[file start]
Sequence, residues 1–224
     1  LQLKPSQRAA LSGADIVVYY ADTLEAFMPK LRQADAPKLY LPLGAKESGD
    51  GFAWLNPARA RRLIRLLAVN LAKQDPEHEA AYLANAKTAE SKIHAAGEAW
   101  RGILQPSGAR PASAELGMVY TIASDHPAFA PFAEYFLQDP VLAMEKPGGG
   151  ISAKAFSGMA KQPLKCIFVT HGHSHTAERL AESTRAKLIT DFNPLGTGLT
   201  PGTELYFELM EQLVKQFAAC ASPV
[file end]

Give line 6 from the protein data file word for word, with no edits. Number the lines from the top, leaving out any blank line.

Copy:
   201  PGTELYFELM EQLVKQFAAC ASPV